How tech giants are putting machine learning to the test to improve the manufacturing process
Major companies are investing in machine learning-powered approaches to improve all aspects of manufacturing. Firms are using this technology to bring down labour costs, reduce product defects, shorten unplanned downtimes, improve transition times, and increase production speed.
Artificial intelligence will help drive the fourth industrial revolution – Industry 4.0 – with machine learning and deep learning rapidly becoming mainstream technologies. Recent developments and partnerships have shown how IBM, Microsoft and SAP, among others, are exploring the future of manufacturing.
The mission of the Europe-based Korea Institute of Science and Technology (KIST) is contributing towards globalisation of Korean research and innovation by building an open platform where notable South Korean and European institutions and industrial partners can collaborate. Manufacturing is a key contributor for both Korean and European economies and Industry 4.0 is one of the main focus areas.
IBM and KIST Europe are partners in SmartFactory-KL, which is a manufacturing facility built with modular components which can be reconfigured for different manufacturing tasks. The components in the facility are equipped with sensors and connected through the Internet of Things (IoT) to a “digital twin,” a complete digital replica of the factory’s physical assets, processes and systems, running in the IBM Cloud.
KIST Europe and IBM’s data scientists used IBM Watson Studio to design, train, test and use a machine learning model that can predict whether a given measurement is reliable.
Quartic.ai, meanwhile, has established an Industrial AI and IoT solution that enables industries to turn their assets into smart, Industry 4.0 equivalents. Quartic.ai can help manufacturers to release the stranded intelligence in their plants and enable their subject matter experts and engineers to turn their experience and knowledge into AI applications without extensive data science experience.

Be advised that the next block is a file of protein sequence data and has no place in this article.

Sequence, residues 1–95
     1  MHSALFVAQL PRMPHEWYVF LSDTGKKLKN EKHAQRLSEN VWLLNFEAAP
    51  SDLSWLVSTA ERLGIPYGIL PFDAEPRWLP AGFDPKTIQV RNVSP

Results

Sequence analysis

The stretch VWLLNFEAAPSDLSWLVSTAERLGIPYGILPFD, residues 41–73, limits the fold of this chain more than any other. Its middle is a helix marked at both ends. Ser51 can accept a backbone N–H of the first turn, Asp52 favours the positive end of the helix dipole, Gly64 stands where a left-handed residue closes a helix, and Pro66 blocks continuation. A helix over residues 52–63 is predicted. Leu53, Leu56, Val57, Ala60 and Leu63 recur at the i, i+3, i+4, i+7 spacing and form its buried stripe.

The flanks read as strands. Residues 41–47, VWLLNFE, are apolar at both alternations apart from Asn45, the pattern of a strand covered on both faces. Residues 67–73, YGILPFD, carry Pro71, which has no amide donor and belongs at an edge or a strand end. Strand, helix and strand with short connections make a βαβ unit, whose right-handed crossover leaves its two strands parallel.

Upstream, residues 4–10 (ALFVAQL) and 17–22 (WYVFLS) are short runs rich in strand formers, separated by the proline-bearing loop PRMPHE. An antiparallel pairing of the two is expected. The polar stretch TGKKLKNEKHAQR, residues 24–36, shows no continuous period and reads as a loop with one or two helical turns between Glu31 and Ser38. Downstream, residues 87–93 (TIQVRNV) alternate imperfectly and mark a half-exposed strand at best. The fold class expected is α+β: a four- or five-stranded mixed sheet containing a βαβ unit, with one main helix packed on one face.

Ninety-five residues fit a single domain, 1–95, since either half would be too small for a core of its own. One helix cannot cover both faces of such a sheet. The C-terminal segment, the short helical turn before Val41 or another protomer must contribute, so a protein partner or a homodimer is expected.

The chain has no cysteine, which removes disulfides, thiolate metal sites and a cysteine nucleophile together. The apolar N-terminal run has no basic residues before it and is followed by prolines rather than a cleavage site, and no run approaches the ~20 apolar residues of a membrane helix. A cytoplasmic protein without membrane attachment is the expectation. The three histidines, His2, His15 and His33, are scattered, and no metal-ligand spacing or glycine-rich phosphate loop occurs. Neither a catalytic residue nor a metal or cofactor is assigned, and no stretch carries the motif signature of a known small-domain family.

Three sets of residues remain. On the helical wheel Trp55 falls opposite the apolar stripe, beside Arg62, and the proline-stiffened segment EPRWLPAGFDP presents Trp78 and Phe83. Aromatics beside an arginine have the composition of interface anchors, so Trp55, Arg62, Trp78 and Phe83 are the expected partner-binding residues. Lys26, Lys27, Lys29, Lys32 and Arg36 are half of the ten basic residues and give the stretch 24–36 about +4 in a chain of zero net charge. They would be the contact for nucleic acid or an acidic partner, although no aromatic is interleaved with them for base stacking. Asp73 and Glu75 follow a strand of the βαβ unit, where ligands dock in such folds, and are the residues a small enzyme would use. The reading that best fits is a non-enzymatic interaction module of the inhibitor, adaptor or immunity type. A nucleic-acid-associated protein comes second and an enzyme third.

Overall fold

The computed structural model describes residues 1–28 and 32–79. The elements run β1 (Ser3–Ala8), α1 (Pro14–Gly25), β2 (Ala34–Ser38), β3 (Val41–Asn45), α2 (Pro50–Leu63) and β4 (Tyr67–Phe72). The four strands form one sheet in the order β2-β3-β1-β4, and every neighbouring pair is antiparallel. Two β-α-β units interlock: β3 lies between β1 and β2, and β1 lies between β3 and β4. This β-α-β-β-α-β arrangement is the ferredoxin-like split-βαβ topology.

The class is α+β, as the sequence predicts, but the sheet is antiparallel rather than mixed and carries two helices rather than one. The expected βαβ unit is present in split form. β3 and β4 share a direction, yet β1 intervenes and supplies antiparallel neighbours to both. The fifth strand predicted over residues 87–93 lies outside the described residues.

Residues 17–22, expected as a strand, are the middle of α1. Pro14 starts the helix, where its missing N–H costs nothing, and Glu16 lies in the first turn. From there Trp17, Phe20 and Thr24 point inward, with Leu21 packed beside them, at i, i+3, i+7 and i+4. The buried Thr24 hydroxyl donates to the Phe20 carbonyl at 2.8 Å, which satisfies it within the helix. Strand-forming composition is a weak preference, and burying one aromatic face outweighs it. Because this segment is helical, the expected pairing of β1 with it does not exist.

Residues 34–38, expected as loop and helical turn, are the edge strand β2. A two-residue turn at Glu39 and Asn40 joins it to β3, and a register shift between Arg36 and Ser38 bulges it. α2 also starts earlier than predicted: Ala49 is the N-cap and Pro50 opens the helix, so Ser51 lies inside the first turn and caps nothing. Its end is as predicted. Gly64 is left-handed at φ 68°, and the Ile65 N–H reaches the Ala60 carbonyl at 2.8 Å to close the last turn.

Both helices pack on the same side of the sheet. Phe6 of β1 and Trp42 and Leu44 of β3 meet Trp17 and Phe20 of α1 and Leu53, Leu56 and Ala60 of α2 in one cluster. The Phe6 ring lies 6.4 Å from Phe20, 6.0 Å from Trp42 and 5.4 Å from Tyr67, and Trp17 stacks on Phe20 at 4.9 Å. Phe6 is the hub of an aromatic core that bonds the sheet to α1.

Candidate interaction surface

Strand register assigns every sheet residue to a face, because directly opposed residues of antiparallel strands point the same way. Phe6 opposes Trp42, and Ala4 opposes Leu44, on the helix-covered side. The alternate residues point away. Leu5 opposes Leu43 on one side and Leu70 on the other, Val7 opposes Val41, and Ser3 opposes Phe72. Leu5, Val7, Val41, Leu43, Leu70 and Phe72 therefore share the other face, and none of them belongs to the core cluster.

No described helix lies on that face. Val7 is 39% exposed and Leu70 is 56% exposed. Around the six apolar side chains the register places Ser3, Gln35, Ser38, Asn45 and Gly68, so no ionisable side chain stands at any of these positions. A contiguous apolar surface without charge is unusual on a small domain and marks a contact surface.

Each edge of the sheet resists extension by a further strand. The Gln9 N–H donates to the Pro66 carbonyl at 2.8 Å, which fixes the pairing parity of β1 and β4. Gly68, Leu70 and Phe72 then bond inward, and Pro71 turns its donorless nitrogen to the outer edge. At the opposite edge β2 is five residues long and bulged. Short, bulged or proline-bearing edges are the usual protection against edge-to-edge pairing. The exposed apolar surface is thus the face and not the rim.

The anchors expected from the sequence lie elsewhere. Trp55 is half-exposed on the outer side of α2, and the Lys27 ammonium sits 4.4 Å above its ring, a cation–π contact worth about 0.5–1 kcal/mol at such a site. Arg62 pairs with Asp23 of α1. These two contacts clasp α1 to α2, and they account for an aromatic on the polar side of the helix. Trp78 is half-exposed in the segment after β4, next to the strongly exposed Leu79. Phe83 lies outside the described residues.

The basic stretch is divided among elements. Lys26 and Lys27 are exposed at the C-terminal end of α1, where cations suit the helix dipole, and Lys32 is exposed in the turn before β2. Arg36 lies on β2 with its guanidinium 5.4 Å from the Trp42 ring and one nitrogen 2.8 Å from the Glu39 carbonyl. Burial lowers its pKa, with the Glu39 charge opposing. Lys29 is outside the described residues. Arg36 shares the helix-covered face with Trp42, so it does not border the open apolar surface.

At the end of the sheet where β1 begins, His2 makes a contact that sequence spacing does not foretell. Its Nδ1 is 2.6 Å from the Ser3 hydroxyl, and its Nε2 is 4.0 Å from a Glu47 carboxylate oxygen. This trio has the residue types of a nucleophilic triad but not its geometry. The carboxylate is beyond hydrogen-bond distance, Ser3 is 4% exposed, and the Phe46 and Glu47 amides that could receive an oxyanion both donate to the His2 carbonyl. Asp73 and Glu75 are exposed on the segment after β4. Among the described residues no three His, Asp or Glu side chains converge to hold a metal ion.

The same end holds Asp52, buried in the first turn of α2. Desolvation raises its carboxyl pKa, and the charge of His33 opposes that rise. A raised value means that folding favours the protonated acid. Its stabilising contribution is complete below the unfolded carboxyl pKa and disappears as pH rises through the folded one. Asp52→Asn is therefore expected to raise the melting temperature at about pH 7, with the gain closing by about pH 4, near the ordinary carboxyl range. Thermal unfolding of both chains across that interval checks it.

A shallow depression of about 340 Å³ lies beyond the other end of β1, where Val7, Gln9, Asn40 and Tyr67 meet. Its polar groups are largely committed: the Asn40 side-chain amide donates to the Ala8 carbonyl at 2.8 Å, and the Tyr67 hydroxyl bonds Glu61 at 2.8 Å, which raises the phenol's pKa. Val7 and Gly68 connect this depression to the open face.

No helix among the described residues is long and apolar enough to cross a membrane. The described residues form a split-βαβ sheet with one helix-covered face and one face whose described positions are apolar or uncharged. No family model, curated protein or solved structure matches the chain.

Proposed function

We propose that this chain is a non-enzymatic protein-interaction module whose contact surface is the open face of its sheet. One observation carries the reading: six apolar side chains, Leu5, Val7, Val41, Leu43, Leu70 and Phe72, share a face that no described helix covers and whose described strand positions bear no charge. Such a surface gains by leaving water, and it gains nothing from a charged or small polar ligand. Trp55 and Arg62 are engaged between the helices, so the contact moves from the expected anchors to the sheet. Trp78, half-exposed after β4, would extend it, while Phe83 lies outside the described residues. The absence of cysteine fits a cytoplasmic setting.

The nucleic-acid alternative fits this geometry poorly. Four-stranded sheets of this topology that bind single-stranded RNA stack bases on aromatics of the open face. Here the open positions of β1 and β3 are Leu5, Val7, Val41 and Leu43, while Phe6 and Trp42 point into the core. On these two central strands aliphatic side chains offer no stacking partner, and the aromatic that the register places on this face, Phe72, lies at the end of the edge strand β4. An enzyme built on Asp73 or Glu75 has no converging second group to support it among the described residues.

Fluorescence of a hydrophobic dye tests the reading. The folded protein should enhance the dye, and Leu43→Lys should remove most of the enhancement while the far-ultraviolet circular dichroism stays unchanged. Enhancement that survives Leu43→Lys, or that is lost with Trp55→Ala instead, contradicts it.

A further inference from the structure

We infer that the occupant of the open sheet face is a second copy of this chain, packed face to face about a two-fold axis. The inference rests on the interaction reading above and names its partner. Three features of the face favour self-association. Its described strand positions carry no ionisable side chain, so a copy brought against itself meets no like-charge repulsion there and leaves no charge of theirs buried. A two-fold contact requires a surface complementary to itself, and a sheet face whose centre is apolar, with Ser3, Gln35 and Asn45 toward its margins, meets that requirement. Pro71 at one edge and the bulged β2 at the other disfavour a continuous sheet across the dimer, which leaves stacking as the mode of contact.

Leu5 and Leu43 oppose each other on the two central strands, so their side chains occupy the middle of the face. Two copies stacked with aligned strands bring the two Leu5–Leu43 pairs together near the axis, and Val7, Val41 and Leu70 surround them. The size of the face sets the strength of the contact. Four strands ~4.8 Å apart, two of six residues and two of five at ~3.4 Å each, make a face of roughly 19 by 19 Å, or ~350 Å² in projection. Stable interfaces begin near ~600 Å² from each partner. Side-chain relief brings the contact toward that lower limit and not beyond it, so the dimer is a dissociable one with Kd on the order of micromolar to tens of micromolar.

Rajiv Anand, CEO and co-founder of Quartic.ai, gives an example of how AI has impacted the business of their customers. He said that increasing equipment reliability is often seen from the perspective of increasing uptime. However, in the case of one large chemical processing customer, repeated failure of a shaft seal on an agitator had led to safety issues due to the leak of dangerous materials from a sealed, high pressure vessel. This is where AI came into play. Anand said that the problem could not have been solved without using machine learning models. Using historical data from past seal failures, they were able to develop machine learning models that start alerting operations staff when a seal leak is developing and is likely to occur.
SAP is specifically targeting manufacturers with a new set of products aimed at helping them manage and monitor their systems. The new offerings, part of SAP’s Digital Manufacturing Cloud, include the SAP Digital Manufacturing Cloud Solution For Execution, which integrates with existing manufacturing systems on the shop floor in order to provide visibility into operations at the component and material level.
The SAP Digital Manufacturing Cloud For Insights provides data-driven performance management capabilities. The company also announced a new ‘predictive quality’ offering, which allows predictive algorithms to be applied so manufacturers can reduce the number of defects in their products.
According to TrendForce, smart manufacturing is projected to grow substantially in the coming five years. It has estimated the global smart manufacturing market will grow at a projected compound annual growth rate of 12.5% to be well over $200 billion in 2018 and will increase to more than $320 billion by 2020.